The Nueces was mostly dry, except for a few green, stagnant ponds. It’s not flowing at all, most of the waters used for farming in the Uvalde area. The Frio was a bone dry ravine, no different from the hundreds of dry creek runnels littering the landscape. I spent my formative years down here. I know this land: I have eyes for it–learning to hunt down here for White-tailed deer, rabbits, dove and Scaled Quail.

Maybe later today I’ll recount the great rattlesnake episode, as I almost lost a leg to six of the biggest, nastiest rattlingest snakes that ever got blasted away by a 20 gauge shotgun. Well, actually, I’ll tell the story now. It was quail season and I believe I was 12 years old, maybe 13. I’d shot a quail and he landed out in the prickly pear flats, much like this. The only difference was I was surrounded by prickly pears, dense and thick. I was not wearing snake-proof leggings, either.

I went to reach for him–he was still fluttering in the brush and as I reached down I heard the unmistakable rattle. I yelled at my Dad, “Dad, there’s a rattlesnake here.”

“Shoot it,” he said.

I shot it.

And then five more rattles went off. Hell, I thought it was cool! So I blasted away with my shotgun for all of three minutes, pulling more shells from out of my bandolier. All told, we pulled six very large snakes from that prickly pear bush. All more than 4 feet long. (I don’t think I could kill an animal anymore, as I prefer to take photos of them now. But when you’re young you just don’t know.)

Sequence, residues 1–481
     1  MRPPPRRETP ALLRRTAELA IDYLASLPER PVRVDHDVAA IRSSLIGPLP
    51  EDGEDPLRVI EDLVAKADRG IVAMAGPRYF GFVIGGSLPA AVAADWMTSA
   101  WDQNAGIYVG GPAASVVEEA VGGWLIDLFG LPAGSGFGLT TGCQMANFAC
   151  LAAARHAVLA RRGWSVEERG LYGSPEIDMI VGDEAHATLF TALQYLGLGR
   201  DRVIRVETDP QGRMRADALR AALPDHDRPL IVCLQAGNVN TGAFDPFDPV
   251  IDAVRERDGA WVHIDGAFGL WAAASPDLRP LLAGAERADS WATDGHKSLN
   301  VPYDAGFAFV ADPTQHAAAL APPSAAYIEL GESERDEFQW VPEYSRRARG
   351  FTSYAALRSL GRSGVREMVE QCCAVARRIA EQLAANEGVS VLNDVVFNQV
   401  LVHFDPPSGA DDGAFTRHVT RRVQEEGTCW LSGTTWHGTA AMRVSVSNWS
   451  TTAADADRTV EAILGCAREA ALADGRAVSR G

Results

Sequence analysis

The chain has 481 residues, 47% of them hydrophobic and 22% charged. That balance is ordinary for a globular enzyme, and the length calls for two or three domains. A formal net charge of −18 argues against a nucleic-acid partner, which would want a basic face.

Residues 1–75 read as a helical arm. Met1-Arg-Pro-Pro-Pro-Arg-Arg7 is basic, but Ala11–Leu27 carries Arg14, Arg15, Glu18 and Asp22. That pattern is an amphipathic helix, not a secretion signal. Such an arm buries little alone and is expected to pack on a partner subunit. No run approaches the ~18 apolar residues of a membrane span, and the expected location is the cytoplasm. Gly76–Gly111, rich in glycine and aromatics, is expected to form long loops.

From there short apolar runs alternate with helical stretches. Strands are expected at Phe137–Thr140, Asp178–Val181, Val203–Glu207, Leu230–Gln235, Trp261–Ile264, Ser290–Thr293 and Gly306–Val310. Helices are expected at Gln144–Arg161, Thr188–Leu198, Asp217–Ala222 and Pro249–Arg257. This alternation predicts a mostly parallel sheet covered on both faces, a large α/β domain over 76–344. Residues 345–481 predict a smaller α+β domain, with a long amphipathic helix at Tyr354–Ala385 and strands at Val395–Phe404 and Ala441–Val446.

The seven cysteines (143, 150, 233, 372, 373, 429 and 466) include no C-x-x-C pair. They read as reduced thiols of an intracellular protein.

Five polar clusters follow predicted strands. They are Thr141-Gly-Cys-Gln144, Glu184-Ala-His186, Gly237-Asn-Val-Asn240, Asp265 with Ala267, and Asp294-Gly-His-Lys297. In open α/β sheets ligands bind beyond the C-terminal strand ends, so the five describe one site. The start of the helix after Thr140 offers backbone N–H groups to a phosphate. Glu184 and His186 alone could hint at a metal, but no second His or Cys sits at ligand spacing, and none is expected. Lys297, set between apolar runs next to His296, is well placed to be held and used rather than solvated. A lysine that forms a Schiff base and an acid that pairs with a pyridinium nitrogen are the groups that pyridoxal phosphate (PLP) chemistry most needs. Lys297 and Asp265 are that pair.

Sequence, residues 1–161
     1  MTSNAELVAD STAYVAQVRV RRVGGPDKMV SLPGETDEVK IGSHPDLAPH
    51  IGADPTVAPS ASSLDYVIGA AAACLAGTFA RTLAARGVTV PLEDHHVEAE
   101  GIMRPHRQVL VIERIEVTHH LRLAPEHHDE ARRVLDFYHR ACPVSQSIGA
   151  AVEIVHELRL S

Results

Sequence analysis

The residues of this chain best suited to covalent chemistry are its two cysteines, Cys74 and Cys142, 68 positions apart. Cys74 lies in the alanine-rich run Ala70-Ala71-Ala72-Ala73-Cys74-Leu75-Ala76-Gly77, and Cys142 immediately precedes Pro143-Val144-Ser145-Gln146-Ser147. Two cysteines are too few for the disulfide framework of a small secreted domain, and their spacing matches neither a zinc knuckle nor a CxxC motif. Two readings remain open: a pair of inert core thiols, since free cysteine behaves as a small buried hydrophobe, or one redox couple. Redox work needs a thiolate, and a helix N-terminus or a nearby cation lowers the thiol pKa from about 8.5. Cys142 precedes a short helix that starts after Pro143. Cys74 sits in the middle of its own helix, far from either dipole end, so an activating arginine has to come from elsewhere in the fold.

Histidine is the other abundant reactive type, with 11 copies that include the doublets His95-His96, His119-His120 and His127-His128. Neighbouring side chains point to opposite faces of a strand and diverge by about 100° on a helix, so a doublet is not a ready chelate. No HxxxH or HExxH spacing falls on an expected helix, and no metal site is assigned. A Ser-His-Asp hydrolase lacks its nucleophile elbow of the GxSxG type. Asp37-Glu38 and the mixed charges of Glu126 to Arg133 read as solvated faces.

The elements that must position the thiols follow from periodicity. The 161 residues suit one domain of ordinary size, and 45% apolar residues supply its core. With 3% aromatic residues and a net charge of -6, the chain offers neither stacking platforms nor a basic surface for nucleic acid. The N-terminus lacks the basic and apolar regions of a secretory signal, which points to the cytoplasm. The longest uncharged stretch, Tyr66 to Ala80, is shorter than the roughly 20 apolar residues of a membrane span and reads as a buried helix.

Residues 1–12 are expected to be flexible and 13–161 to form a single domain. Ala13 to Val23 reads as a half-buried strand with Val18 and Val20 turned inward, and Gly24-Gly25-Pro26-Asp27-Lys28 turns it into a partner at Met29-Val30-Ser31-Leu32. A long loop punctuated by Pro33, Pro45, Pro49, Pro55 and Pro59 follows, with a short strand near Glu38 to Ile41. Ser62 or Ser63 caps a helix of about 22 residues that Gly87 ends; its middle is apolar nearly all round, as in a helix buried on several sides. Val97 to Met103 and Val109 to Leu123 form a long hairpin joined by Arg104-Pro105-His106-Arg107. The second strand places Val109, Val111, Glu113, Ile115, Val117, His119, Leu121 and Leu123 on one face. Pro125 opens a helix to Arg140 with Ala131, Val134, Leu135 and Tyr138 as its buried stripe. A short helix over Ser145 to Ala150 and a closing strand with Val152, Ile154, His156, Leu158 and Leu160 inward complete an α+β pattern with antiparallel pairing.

I never, ever went hunting again without wearing leggings. Quite lucky was I that day 28 years ago in the Brush Country of South Texas.

Regardless, what it must have look like before the aquifers had been drained and natural springs were to be found in almost every county of the region? I searched yesterday for the remnants of one spring Sanchez stopped at in 1828 called “El Pato” (the duck) and think I may have found it. It’s called duck springs now.

And while I don’t believe the stock tank the old farmer called duck springs is anything more than a stock tank, he mentioned his family had been on the farm for 120 years and the area around it had always been called duck springs.